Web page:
Endgames Picture quiz

“Brain attack”

BMJ 2009; 338 doi: https://doi.org/10.1136/bmj.a3109 (Published 01 April 2009) Cite this as: BMJ 2009;338:a3109
  1. S Macdonald, consultant1,
  2. A Dixit, consultant2,
  3. M G Wyatt, consultant3
  1. 1Interventional Radiology, Newcastle upon Tyne Hospitals NHS Foundation Trust, Newcastle upon Tyne NE7 7TN
  2. 2Stroke Medicine, Newcastle upon Tyne Hospitals NHS Foundation Trust
  3. 3Vascular Surgery, Newcastle upon Tyne Hospitals NHS Foundation Trust
  1. Correspondence to: M G Wyatt mike.wyatt{at}nuth.nhs.uk

    A 57 year old, right handed man was seen as an emergency after an episode of “flinging” movements of his right arm and leg and slurred speech. He had no visual or sensory symptoms. Examination showed mild right pronator drift, and dysarthria. His symptoms resolved within 45 minutes.

    Blood pressure was 135/75 mm Hg and blood sugar was normal. Electrocardiography confirmed sinus rhythm, and computed tomography of the brain was reported as showing a well defined left cerebellar infarct. Figure 1 shows two images of the origin of the left internal carotid artery.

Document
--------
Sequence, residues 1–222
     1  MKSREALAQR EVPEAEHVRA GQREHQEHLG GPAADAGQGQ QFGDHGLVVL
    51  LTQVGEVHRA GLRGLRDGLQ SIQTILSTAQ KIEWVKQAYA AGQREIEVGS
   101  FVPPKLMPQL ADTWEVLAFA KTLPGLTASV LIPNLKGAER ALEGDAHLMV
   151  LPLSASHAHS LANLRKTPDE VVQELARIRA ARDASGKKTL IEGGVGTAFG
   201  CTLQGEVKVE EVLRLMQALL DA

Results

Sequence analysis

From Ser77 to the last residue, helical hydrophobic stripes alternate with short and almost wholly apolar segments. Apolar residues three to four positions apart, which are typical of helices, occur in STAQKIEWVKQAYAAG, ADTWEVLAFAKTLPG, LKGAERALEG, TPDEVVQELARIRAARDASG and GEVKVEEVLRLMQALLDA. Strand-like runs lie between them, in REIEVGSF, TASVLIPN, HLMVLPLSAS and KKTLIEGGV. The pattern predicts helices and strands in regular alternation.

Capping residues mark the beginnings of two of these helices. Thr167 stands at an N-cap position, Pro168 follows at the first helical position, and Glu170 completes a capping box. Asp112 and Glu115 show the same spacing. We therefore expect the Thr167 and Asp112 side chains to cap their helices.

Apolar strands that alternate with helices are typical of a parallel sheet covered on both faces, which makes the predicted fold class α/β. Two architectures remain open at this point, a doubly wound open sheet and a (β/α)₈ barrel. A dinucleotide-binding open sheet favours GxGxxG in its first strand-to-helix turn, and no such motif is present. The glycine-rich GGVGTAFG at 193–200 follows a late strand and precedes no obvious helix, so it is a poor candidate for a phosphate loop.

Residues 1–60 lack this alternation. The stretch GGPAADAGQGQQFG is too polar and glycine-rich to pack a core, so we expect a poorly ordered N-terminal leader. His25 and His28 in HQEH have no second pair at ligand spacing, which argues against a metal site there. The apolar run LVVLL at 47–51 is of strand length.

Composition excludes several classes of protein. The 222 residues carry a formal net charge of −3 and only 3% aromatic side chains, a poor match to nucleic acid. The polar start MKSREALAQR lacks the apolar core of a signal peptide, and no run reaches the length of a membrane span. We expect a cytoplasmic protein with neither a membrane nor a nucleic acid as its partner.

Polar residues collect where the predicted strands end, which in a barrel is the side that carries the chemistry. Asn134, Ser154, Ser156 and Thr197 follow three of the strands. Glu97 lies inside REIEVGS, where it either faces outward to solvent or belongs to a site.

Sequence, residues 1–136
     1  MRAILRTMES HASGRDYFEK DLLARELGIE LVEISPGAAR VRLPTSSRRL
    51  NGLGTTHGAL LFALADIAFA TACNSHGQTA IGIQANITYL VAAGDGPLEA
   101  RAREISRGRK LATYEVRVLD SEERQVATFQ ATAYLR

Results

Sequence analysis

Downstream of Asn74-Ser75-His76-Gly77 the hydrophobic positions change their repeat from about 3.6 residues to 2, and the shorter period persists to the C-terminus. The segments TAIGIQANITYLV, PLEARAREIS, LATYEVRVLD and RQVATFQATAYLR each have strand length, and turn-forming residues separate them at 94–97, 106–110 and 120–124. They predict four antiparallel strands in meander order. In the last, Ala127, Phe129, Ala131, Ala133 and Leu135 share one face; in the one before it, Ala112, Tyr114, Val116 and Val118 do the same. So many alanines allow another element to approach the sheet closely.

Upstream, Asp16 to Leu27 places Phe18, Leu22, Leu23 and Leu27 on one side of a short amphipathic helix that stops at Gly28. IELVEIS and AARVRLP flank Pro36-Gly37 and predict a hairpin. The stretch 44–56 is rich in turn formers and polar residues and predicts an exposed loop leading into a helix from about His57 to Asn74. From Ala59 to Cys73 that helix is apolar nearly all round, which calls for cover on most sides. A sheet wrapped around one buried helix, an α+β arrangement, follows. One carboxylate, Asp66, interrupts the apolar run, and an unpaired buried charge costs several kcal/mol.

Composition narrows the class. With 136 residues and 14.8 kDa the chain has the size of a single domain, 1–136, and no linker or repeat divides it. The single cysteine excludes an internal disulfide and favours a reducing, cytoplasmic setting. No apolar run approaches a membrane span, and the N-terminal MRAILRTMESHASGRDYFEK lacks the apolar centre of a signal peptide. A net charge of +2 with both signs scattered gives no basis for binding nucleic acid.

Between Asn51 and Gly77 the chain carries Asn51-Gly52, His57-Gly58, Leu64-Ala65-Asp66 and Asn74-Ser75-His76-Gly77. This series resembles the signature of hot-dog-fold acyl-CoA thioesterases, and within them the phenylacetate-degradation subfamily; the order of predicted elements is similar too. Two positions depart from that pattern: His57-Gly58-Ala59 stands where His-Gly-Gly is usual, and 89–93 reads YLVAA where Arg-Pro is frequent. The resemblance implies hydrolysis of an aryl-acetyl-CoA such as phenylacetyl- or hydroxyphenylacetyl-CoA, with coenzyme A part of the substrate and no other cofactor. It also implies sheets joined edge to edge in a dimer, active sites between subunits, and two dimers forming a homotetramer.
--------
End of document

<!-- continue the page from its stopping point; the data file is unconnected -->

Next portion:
Questions

    • 1 What is the patient’s ABCD2 score?

    • 2 In fig 1, what do the upper and lower carotid ultrasound images show? What value of peak systolic velocity is usually quoted as indicating a >70% stenosis, and what is the interpretation of the peak systolic velocity in this figure?

    • 3 What is the likely vascular territory of the patient’s symptoms? Is any intervention indicated? If specific intervention is required for the carotid stenosis, how soon should this be performed?

    • 4 What further imaging would be helpful?

    Answers

    Short answers

    • 1 His ABCD2 score is 3; the cut-off score predicting high risk of very early stroke after “brain attack” is ≥4.1

    • 2 The upper part of fig 2 shows a longitudinal greyscale image of the internal carotid artery with superimposed colour flow (colour map); the lower part shows the recordings of flow velocity (spectral Doppler) over six cardiac cycles. In the upper image, calcified plaque causes posterior acoustic shadowing, which obscures the lumen at the site of the stenosis (white arrow) and mimics an occlusion (yellow arrow). There is turbulent flow with aliasing on both the colour map and on the spectral Doppler. In the lower image, the peak systolic velocity at the proximal internal carotid artery …

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